Throughout his literary career, Abel has demonstrated a formal adventurousness that locates his work at the interstices of poetry, prose, and image. Abel’s first book, The Place of Scraps, was published as poetry, but Abel is not content to confine it to one particular literary genre; he sees the book as sitting at the intersection of erasure poetry, creative nonfiction, historical fiction, and photography. A similar multi-genre approach gets taken up in NISHGA, though in this case the publisher is tagging the book as memoir.
The path to what would become NISHGA began with the found documentation that forms much of the narrative. As Abel was working, he was also involved in giving talks across the country, transcriptions of which appear throughout the finished book. “I ended up putting in the transcriptions of some of those artist’s talks as placeholders,” he says. “As I got deeper and deeper into the process, I began to realize that I actually didn’t have the emotional capacity to return to some of those sections.”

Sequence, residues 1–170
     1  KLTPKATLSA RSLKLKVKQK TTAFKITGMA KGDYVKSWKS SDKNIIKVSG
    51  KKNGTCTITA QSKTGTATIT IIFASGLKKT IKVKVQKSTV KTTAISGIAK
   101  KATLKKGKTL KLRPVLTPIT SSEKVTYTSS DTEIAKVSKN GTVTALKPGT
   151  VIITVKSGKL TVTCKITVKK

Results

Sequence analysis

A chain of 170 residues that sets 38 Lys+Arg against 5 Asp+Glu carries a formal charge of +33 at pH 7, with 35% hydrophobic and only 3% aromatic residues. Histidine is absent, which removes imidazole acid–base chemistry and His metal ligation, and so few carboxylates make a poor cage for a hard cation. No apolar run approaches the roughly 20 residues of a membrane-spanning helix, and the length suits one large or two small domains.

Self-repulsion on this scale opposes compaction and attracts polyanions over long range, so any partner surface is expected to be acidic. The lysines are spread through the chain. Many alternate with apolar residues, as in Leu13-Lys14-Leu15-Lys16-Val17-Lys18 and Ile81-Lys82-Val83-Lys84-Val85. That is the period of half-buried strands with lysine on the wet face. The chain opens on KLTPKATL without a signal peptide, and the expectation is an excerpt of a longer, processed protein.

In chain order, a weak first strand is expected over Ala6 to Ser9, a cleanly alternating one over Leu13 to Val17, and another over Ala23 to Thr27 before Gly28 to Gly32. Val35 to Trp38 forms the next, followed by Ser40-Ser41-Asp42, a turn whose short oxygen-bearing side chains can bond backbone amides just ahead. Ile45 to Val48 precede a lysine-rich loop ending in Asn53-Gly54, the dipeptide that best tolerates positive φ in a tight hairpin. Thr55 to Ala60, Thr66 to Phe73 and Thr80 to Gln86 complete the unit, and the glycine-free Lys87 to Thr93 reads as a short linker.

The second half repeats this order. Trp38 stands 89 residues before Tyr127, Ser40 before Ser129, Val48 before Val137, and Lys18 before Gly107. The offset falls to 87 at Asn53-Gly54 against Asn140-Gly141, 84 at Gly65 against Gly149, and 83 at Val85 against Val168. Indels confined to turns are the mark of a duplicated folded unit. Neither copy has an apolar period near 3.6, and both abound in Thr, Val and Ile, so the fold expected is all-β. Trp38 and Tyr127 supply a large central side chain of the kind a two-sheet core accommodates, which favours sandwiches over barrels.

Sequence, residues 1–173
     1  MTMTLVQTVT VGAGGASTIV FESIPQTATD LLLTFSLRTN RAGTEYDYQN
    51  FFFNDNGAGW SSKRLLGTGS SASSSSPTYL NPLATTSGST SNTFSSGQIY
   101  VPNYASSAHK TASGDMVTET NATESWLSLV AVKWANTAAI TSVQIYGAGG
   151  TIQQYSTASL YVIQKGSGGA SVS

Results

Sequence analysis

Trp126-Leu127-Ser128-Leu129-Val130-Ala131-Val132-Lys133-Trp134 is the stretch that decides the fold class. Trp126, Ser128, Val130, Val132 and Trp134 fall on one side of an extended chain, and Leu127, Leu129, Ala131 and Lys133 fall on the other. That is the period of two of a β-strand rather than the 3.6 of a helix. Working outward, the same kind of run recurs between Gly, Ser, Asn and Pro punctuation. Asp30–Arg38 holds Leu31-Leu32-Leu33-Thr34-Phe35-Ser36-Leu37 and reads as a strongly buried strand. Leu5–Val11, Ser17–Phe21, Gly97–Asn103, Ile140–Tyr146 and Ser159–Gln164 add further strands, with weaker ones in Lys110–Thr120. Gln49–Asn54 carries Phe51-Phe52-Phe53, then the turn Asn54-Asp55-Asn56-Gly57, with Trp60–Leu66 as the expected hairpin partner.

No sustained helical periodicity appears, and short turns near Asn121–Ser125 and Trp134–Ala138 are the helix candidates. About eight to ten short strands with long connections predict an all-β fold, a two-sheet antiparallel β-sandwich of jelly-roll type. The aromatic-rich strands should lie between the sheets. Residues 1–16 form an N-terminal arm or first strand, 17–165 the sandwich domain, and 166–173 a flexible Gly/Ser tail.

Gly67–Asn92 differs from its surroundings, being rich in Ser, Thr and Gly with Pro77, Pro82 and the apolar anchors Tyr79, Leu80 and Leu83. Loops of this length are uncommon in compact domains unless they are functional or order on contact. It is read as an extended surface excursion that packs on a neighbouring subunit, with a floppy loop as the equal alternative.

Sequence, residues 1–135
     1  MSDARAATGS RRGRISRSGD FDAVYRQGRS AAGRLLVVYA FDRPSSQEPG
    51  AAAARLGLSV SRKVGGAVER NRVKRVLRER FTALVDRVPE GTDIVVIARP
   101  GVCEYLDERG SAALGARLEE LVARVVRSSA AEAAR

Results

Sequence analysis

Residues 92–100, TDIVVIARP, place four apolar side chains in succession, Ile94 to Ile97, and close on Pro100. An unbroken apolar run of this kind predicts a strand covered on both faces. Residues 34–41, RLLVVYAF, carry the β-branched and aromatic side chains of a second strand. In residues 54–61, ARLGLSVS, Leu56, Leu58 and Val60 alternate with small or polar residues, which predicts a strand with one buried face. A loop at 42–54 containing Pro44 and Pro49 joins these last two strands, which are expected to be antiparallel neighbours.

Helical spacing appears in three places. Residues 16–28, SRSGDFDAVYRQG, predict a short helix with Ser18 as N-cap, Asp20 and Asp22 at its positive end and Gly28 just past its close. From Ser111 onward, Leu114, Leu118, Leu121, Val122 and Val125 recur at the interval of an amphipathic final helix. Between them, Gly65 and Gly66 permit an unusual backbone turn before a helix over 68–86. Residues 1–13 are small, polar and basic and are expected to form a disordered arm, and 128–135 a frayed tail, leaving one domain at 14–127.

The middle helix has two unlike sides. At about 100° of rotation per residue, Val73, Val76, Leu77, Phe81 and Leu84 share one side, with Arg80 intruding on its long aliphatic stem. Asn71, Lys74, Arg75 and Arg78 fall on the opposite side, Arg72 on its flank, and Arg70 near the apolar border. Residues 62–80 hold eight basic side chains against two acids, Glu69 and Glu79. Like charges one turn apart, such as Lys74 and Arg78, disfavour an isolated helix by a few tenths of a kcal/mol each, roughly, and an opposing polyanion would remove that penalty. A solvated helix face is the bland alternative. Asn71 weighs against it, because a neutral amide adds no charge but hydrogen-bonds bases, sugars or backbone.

What Abel came to realize is the transcripts on their own contain sufficient emotive power to allow the intended meaning to come through. This is especially true in those white spaces where Abel falls silent on the recording; on the page, these empty lines serve as a kind of liminal space where the reader is invited to contemplate resonance and nuance in the surrounding text. “I couldn’t do the thing that I’d originally planned,” Abel says. “But the thing that was there was actually doing the work that I’d wanted it to do anyway.”
The juxtaposition of elements – both text-based and visual – is inextricable from the meaning built into the story Abel is telling in NISHGA. The various pieces, fragmentary and evanescent on their own, grow in nuance and implication when placed alongside one another, an effect that was very much front of mind for Abel as he was assembling the manuscript. “You encounter document after document that you kind of piece together. And the reading practice is adjusted accordingly,” he says. “There is something that is accomplished by some of the found documentation – and I’m thinking specifically about the photographs and some of the concrete poetry – that can’t be articulated as well through prose or through text.”